Apical constriction is often characterized by pulsatile cycles of contraction and expansion of the surface area, as seen during dorsal closure43, or of contraction and stabilization, as seen during ventral furrow formation44. The apical constrictions induced by optogenetic stimulation of RhoGEF2 displayed a monotonic increase and decrease in the constriction rate over a period of ~8 min (Fig. 2h) without showing any obvious pulsatile behavior in a cell-by-cell analysis of the constriction rate (Fig. 2i), thus arguing that the average contractile behavior did not obscure any underlying individual pulsatile behavior. Our initial photo-activation protocol was based on a continuous and synchronous administration of light, which might override any potential pulsatile behavior induced by endogenous biochemical or mechanical processes downstream of Rho signaling. Therefore, we monitored apical constriction under different illumination conditions. First, we tested whether changing the frequency of illumination without modifying the laser power (10 mW) would be sufficient to elicit pulsatile constrictions. The results from these experiments demonstrated that, at intervals of ~55 s of illumination, cells displayed a pulsatile behavior (Fig. 3a and Supplementary Movie 4), whereas at intervals below and above this value, cells either did not constrict or constricted continuously and invaginated. At 55 s intervals, activated cells displayed cycles of apical constriction and expansion with a mean period of 157 ± 63 s (Fig. 3d), that lasted for about 10 min before endogenous gastrulation movements caused cells to move away from the photo-activation plane, making them untrackable for a longer period of time. This contractile behavior was not sufficient to cause tissue internalization but rather resembled the pulsatile behavior of amnioserosa cells during dorsal closure or that of ventral cells in twist or fog mutant embryos, which lack the stabilization phase and fail to invaginate44. However, differently from these two conditions, constrictions induced by pulsed illumination were synchronized. Cells constricted and relaxed in phase as demonstrated by the preservation of oscillatory behavior even after averaging out time-course measurements of multiple cells (Fig. 3a–c). Considering the reversion kinetics of the CRY2/CIB1 system (T1/2~5 min)32,40, it is unlikely that an administration of light at 55 s intervals was directly inducing contraction and relaxation at each light on/off cycle. Consistently, when the time-point of illumination was plotted over the time-course analysis of the surface area, no direct correlation between contraction and illumination could be observed (Fig. 3e). This suggests that this discontinuous illumination regime triggers an endogenous mechanical and/or chemical oscillatory system whose dynamics were probably altered by the continuous illumination protocol previously employed. Therefore, we tested whether either a continuous administration of light at a lower laser power or a single pulse of light at a higher laser power would also elicit pulsatile behavior. Continuous illumination at 5 mW induced cycles of contraction and relaxation with a mean period of 148 ± 41 s (Fig. 3b, d and Supplementary Movie 4). Similarly, a single pulse of light at a higher laser power (15 mW) also induced pulsatile behavior, albeit with a slightly slower mean period (176 ± 58 s) (Fig. 3c, d and Supplementary Movie 4). Taken together, these data are compatible with the presence of an endogenous mechano-chemical oscillatory system45 that can be induced by Rho signaling activation up to a certain threshold, above which cells contract continuously without pulsing.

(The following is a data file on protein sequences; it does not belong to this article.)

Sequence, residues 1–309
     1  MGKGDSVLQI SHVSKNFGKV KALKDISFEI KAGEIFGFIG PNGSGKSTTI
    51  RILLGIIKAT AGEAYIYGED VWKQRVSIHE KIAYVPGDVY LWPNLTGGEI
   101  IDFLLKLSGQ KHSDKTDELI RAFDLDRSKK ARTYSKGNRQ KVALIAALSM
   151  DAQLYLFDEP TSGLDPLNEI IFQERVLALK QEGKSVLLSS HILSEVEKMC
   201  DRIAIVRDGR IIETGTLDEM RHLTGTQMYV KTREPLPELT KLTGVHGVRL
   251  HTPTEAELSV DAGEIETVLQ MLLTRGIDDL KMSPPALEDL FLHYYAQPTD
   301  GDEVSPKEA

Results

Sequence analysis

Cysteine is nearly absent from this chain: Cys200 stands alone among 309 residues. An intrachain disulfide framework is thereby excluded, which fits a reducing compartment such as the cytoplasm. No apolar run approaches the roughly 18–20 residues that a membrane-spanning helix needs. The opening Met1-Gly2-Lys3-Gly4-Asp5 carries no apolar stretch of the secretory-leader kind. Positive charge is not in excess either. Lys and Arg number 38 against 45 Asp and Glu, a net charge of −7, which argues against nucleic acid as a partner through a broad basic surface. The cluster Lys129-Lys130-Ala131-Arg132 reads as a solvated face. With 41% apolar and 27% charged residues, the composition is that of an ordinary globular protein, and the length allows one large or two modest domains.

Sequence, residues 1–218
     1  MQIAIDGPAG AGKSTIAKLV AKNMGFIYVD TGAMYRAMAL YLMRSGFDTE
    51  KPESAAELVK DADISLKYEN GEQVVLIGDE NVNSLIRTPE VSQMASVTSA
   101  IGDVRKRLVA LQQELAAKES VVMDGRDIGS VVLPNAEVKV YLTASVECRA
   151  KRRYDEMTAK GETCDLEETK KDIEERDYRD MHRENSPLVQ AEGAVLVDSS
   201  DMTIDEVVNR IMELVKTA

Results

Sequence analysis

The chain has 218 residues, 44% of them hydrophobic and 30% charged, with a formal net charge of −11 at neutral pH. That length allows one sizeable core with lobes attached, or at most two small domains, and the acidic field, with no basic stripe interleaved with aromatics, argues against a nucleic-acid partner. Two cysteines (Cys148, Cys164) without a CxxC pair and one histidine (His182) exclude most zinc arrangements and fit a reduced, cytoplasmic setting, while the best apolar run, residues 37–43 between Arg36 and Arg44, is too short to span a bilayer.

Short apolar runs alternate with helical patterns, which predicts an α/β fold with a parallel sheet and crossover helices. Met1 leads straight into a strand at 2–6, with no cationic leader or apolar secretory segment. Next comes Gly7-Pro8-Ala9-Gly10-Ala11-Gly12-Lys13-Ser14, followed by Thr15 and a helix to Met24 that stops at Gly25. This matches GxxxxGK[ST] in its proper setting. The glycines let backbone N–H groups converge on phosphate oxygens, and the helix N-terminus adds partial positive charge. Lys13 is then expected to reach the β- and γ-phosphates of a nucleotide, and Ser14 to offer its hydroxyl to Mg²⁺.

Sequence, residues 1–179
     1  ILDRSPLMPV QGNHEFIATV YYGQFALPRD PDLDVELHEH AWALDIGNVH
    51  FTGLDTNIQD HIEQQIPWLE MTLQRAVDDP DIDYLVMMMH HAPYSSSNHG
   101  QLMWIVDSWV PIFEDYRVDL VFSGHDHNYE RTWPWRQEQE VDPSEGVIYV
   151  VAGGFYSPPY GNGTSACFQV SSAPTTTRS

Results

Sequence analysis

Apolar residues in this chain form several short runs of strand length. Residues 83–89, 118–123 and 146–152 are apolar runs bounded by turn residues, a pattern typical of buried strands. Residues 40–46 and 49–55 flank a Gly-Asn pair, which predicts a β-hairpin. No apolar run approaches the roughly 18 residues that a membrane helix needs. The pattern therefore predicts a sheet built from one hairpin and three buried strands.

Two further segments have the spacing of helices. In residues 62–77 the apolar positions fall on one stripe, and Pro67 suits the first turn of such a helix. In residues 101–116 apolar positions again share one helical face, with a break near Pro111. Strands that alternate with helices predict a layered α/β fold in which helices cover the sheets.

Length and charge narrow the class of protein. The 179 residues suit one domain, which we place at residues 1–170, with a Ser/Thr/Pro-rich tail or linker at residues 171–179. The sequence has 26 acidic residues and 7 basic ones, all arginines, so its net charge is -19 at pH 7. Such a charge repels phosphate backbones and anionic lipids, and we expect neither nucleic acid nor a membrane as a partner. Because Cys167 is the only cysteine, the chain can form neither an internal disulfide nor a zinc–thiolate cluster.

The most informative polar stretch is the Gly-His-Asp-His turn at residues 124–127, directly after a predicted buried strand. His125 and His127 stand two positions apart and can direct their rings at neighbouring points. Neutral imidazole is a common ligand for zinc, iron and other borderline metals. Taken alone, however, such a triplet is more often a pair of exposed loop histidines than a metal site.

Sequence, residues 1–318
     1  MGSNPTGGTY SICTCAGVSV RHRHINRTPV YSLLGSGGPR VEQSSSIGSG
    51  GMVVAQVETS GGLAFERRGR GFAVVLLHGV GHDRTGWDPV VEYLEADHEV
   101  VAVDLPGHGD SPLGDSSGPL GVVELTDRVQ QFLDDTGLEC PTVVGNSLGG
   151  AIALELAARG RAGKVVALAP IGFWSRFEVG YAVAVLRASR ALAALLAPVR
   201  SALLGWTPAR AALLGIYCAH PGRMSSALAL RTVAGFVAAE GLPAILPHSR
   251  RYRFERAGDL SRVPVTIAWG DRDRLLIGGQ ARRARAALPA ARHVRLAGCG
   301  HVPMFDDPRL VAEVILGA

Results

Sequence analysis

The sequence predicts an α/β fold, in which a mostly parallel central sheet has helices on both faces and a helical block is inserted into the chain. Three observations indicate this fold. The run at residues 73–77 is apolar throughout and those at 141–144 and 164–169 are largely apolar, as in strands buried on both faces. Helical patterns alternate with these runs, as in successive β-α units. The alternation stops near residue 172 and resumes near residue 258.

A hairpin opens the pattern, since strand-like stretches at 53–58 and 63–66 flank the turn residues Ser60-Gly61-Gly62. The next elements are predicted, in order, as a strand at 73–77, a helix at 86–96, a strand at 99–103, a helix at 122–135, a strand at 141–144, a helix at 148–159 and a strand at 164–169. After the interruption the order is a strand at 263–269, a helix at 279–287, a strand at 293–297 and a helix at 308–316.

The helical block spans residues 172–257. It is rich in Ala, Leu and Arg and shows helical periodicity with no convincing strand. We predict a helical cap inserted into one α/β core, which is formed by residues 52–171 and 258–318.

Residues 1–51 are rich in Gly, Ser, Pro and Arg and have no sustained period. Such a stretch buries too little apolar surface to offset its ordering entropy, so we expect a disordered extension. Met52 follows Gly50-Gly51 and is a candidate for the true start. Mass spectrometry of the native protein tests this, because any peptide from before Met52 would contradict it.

Next, we established a photo-activation protocol that allowed us to both induce pulsatile contractions and, at the same time, visualize cell shape and myosin II dynamics. A single pulse of two-photon optogenetic activation (15 mW) was followed by continuous illumination at a lower laser power (2 mW), which allowed the imaging of the apical surface (CIBN::pmGFP) at high temporal resolution without causing inhibition of pulsations. Myosin II labeled with mCherry (Sqh::mCherry) was visualized by alternating two-photon illumination with single photon illumination (561 nm) at 13 s intervals (Fig. 4a–f and Supplementary Movie 5). Under this condition, cells pulsed with a mean period of 164 ± 49 s (Fig. 4c) with myosin II pulsing with similar kinetics (Fig. 4b, mean period 159 ± 52 s). Myosin II accumulated at the medio-apical plane as cells contracted and then gradually disappeared as cells relaxed (Fig. 4d–f). Quantitative analysis revealed a temporal correlation between myosin II pulses and apical constriction with ~40% of constrictions occurring within 25 s of a myosin pulse (Fig. 4h), and with the average maximum correlation coefficient occurring when the myosin II accumulation rate was not shifted compared to the apical constriction rate (Fig. 4g). These results argue that optogenetic-induced pulsatile behavior arises as a consequence of synchronous myosin medio-apical accumulation and dissolution.